Our more local symptom of the Democrats' mental paralysis is Governor Jerry Brown, who spent his first year specializing in cuts to students and the disabled while expressing no overt support for public reinvestment, apparently thinking he could use additional state budget cuts to scare legislators into voting a tax increase measure onto the ballot. Legislators have no reason to care about cuts (Republicans have pledged to make cuts, and Dems, as I'm arguing, are too conflicted to know why cuts are fatal). Brown's strategy failed with the legislature, but lacking a vision of social development, he now plans to use the same fear tactics on the public, to be coupled with the psuedo-sweetener of proposed cuts to public pensions. He will probably fail with tax increases, and probably succeed with the pension cuts.
Lacking a theory of broad public investment, Democrats punt to the same faulty theory of private investment as do the Republicans. This means accepting the orthodox and, indeed, formerly right-wing claim that if government stops interfering with capital markets, they will allocate capital with maximum efficiency, allowing the general welfare the fastest possible advance. This idea makes legions of Democrats into Eisenhower Republicans, as they join Republicans in putting budget cuts ahead of schools and highways and bullet trains and all the other "build America" programs that would still get them elected. In this view, society doesn't need to plan independently of its business interests, nor, through its elected officials, set its own priorities and tax itself to support its goals. Venture capitalists and advanced firms can take care of all meaningful investment in technology once the early, high-risk stage has been completed. To help private capital, in this view, the best things government can do are (a) pony up early-stage funding to qualified high-tech parties, no strings attached, and (b) keep taxes low on investors, e.g. let them redefine their income as carried interest and tax it at only 15%.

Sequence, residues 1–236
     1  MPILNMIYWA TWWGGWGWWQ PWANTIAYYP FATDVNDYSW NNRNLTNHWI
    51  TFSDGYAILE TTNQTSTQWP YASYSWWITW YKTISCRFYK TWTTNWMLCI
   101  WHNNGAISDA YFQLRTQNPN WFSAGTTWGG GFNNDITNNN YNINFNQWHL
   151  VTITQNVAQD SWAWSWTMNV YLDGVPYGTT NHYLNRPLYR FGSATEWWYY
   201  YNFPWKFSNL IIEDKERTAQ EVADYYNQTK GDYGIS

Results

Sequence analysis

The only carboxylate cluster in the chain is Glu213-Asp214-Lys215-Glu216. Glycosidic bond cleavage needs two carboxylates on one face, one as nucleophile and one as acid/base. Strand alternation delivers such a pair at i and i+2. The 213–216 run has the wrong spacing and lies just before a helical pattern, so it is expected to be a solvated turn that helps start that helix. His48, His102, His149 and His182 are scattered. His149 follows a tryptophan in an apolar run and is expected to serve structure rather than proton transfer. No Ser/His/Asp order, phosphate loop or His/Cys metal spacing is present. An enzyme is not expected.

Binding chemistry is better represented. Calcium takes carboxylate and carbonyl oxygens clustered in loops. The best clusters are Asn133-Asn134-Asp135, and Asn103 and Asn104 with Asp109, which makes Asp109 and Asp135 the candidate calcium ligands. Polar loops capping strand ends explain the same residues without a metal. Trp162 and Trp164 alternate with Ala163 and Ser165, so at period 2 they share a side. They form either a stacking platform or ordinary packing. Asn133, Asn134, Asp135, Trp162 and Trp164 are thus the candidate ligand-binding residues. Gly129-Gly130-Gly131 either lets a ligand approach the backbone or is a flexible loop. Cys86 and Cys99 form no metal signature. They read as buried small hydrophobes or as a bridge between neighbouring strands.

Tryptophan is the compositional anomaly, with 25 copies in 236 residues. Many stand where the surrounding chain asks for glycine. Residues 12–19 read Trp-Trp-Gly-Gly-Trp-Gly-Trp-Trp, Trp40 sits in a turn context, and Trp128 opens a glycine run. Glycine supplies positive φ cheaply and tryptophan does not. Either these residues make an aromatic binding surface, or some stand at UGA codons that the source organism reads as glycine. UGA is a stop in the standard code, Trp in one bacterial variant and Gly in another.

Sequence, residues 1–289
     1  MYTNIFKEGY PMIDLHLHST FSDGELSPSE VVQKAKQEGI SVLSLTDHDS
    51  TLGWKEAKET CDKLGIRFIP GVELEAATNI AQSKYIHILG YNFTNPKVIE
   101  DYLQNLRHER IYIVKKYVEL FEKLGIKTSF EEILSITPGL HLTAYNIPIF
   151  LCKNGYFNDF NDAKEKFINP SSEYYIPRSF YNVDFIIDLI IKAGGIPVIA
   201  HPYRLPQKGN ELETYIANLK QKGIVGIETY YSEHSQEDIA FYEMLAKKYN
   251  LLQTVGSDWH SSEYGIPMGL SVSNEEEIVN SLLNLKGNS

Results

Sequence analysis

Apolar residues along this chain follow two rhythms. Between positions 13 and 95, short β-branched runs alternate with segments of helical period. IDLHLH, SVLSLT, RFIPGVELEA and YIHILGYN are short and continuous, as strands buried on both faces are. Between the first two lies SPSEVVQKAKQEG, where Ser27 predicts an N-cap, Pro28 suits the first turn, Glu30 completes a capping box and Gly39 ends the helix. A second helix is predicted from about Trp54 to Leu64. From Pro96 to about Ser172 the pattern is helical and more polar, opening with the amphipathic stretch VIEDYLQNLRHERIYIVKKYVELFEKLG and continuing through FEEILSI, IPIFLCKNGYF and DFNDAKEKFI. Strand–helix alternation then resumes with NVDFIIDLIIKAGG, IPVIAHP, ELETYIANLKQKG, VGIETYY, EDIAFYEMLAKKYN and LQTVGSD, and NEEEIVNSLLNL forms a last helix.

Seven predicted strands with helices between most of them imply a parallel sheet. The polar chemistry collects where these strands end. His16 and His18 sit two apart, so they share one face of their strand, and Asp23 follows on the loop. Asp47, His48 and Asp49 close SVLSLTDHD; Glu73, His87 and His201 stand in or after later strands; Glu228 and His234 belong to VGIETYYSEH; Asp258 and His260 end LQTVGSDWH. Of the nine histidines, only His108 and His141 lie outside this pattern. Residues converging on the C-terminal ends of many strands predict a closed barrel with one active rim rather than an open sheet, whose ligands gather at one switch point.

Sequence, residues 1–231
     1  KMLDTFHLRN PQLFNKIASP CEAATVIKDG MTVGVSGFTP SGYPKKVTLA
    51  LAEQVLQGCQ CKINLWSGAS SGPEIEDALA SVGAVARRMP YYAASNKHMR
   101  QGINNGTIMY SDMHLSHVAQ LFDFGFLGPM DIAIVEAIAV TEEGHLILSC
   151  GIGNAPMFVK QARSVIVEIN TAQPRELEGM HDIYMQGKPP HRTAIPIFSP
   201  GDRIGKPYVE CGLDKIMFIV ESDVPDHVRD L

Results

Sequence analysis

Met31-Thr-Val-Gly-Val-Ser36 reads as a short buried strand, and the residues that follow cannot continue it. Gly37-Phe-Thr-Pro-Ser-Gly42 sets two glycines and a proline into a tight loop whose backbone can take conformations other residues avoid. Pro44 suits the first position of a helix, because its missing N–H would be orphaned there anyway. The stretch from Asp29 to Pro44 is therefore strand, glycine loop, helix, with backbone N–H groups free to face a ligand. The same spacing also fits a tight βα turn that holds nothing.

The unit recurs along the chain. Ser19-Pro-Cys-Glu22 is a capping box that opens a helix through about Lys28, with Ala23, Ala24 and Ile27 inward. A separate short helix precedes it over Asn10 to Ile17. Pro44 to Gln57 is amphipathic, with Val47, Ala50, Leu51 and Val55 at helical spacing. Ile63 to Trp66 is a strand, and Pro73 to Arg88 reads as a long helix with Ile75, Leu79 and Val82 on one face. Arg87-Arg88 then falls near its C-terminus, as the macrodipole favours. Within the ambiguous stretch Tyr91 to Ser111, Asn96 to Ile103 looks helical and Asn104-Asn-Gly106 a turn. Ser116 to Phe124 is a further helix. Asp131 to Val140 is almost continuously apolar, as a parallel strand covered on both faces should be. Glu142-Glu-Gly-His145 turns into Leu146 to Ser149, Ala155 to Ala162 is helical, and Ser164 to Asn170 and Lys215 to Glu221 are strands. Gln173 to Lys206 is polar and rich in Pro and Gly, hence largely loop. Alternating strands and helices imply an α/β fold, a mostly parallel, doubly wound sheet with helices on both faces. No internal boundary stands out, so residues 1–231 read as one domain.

The university boom rested on an older vision of general development as an explicit alternative to elite development: a society would be smarter and also richer if you spread knowledge broadly rather than showering all of the best on the heads of the Ivy League few. The swan song of this Democrat-style vision was the Full Employment and Balanced Growth Act of 1978 ("Humphrey Hawkins"), which instructed the government to intervene in markets and override or coordinate private firm decision-making for the sake of making the broadest use of the workforce.